1. More capacity than a single large transmitter, since the same frequency can be used for multiple links as long as they are in different cells
  2. Mobile devices use less power than with a single transmitter or satellite since the cell towers are closer
  3. Larger coverage area than a single terrestrial transmitter, since additional cell towers can be added indefinitely and are not limited by the horizon


As each tower in a cellular network provides a unique identity code, it is possible to triangulate using 3 or more towers to get your position. The more number of towers available, the more precise your location.

Cellphones receive signals from various cellphone towers and picks up the signals from the tower with maximum signal strength. Since, the distance & signal strength between different cellphone towers are known (usually around 5-10 km), the signal strength from various towers to the cellphone is used to calculate the distance between each tower & the cellphone & further triangulate the approximate position of the cellphone.



  1. Location is not extremely accurate, however in urban areas with a lot of cell towers, this should be acceptable
  2. You need a SIM card with a cellular service network of your choice

You can find more information on GSM tracking on the following pages:

My Choice

I decided to go with GSM based tracking as even with the GPS tracking, I would have needed a cell phone connection for my other features (calling, SMS, etc). GPS tracking is much more accurate, but needs a larger module and battery. (Maybe in the future)

Step 2: Hardware

I decided to use the following hardware for the tracker:

  1. Xadow Main Board:
  2. Xadow Breakout Board:
  3. SIM800L GSM Module:
  4. Small speaker
  5. Small microphone (pulled from an old hands-free kit)
  6. 10k Resistor
  7. Some Wires

Please note, there are many other options available and I chose these mainly because i had them available (and in the case of the GSM module - it's cost)

Xadow Main Board

The Xadow Main Board is a microcontroller board based on the controller ATmega32U4 with 32k flash and is compatible with the Arduino Leonardo. The board can be powered either from the USB connection or a Lithium battery (included) and hence can be easily used as a wearable.

The Xadow Modules cascade with each other using FFC cables. Since the pins on the module are not broken out, we need to use a breakout module that breaks out the RX/TX pins and allows us to connect to the SIM800L Module.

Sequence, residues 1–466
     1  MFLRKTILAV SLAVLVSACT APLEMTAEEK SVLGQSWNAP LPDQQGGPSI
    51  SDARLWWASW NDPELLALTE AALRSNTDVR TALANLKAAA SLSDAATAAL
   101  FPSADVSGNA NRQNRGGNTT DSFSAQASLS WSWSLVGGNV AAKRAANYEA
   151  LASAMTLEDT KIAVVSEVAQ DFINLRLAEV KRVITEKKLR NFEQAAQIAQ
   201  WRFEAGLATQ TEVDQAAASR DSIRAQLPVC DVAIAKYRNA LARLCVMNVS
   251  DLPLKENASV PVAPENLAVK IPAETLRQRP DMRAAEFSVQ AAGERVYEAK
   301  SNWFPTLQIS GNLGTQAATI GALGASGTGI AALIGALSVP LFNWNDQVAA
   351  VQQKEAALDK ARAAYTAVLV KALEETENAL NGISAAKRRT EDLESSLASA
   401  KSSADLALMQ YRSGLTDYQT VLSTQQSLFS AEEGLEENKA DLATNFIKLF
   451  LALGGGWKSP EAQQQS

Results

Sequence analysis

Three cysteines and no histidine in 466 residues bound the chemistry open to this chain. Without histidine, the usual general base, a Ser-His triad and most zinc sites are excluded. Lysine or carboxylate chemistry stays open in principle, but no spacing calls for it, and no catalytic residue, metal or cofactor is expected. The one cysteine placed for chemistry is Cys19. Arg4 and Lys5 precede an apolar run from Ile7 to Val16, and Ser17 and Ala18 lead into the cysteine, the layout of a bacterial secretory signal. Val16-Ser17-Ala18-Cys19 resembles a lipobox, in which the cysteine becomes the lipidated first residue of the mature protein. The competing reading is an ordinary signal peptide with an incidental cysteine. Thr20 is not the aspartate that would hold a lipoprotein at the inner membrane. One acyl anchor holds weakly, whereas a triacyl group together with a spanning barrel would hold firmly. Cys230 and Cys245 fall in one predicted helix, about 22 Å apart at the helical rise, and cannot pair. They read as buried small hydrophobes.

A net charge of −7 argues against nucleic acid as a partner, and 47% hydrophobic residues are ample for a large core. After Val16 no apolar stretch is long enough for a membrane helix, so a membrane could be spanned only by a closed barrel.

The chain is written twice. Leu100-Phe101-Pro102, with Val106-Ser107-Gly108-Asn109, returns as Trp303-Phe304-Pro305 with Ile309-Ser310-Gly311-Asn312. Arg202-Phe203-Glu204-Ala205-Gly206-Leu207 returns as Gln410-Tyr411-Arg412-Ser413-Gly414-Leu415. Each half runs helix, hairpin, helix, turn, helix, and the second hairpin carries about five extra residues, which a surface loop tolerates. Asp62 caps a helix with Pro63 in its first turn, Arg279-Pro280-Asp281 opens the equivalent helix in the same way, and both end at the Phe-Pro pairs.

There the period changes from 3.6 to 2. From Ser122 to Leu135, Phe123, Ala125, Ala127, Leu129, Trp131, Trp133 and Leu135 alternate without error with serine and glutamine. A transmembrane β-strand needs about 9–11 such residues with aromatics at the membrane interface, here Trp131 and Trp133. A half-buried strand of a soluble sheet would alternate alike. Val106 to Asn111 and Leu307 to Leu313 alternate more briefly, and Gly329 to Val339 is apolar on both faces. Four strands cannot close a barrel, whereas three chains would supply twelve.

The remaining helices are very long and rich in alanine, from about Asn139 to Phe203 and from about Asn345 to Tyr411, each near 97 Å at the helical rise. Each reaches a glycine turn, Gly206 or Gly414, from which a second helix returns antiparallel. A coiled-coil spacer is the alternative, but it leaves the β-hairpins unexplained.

Also, since the module is compatible with the Arduino Leonardo, it has two serial ports (One through USB and one on RX/TX pins) which makes it easier to debug the arduino sketches.

SIM800L GSM Module

The SIM800L is a quad-band GSM/GPRS Module, effectively making it usable across the world. It has the following features:

  1. Quad-Band GSM/GPRS
  2. Audio in and out
  3. Serial TTL compatible
  4. AT Command Set
  5. Operating Voltage: 3.4 to 4.4 Volts
  6. In-built function that provides GSM based location (latitude, longitude)

SimCom has provided a lot of documentation on the best ways to use these modules and Adafruit is kindly hosting all of them for us:

They have also created an easy to use library:

Step 3: Circuit

The circuit is very simple:

Xadow Connections:

  1. Connect the Xadow Breakout Module to the Xadow Board using the FFC Cable - ensure that the slots face the same direction
  2. Connect the Battery to the Xadow Board (JST Connector)

SIM800L Connections:

  1. VCC to the battery pad at the bottom of the Xadow Board (See image above)
  2. GND to ground
  3. Mic to MICP and MICN
  4. Speaker to SPKP and SPKN
  5. DTR to ground via a 10k Resistor
  6. TXD to RX on the Xadow Breakout
  7. RXD to TX on the Xadow Breakout
  8. RST to A5 on the Xadow Breakout

You can test the module using the FonaTest sketch in Adafruit's Fona Library. I tested the circuit using my Induino development board (see image above).

Step 4: Cellular Network

The SIM800L module requires a working SIM card (with data). In India, there are many affordable pre-paid plans by all the major carriers (Airtel, Vodaphone, etc) as low as INR 105 (~USD 2) for 300 MB per month. Unfortunately in US most of the carriers have "unlimited" plans ranging from $40-$80 per month. For this application, you would need at the max 10-20 MB per month.

The only service provider I found that was budget friendly was Ting (working on the T-Mobile network) which comes to ~USD 9 (plus taxes) per month for 1 device and upto 100 MB of data per month.

So, I went ahead and bought a Ting SIM card and installed it on the SIM800L module. Please note, the chamfered edge has to point towards the edge of the slot and not inside.